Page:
It begins with a phone call. It could have been his best friend,
or the phone company trying to get him to make one more switch. Instead, it's the older
brother he hasn't seen in years informing Terry Shine that their father is lying in a
hospital bed unable to speak, bleeding in the brain. Terry and his four brothers rush
to the hospital and prepare for the end, but nothing could have prepared them for what
is to come.
"Old people are supposed to die," Terry acknowledges in a whisper of resignation.
"Yeah, but fathers aren't," his brother Bill responds.
Suddenly, five estranged siblings are plunged together into a bewildering world of
medical choices and living wills -- of hours sitting by their father's bed,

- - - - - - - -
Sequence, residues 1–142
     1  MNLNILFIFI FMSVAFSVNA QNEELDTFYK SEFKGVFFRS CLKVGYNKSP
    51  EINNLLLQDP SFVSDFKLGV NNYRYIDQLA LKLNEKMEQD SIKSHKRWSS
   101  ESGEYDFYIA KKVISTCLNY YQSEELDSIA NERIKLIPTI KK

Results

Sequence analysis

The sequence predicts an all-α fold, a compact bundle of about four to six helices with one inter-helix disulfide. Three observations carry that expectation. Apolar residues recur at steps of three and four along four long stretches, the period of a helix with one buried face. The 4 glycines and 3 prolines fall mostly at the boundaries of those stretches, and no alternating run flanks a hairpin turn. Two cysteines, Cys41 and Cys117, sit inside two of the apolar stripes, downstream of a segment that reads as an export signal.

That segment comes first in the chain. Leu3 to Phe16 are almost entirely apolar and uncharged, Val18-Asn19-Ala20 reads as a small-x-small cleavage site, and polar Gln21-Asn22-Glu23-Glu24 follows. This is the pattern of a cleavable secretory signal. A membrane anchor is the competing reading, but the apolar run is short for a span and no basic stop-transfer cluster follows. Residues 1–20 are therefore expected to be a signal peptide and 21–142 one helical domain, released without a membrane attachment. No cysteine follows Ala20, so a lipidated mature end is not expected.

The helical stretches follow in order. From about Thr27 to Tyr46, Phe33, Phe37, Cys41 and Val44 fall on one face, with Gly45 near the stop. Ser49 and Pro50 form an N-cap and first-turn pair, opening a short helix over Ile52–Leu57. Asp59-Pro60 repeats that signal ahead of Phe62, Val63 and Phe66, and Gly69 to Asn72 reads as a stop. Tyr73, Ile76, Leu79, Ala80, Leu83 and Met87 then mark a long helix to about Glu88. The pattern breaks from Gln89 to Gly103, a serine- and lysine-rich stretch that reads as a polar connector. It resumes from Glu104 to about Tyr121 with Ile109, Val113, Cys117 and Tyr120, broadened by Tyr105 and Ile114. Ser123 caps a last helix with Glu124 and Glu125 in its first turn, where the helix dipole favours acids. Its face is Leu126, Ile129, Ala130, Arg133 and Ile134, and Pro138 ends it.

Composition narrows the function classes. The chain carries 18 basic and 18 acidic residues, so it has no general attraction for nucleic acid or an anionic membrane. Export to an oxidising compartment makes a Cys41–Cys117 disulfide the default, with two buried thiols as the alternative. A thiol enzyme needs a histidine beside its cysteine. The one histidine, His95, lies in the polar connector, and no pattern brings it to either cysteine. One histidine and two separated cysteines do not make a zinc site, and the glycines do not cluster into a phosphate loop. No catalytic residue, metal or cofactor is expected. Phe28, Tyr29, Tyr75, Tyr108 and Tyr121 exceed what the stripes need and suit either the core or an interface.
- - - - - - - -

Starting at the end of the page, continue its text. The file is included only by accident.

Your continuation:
begging him simply to blink, to squeeze a hand, to nod. With no formal guidelines
to follow, Terry and his brothers fumble along while their helplessness makes them
focus on absurdities: What kind of car does each doctor drive? Which vending machine
has the best Danish? They bring in a boom box and some of their father's CDs, trying
everything in their power to drive the life back into him. They keep trying until
sheer exhaustion leads them to the brink of acceptance. But, as the Shine
family discovers, there is nothing that trains us to navigate death's terrain,
and nothing we can do to come out of the experience unscathed: death slams us in ways
we can never possibly have fathomed.
At once heart-wrenching, insightful, and piercingly witty, Fathers Aren't Supposed to Die
masterfully captures the devastating experience of trying to come to terms with a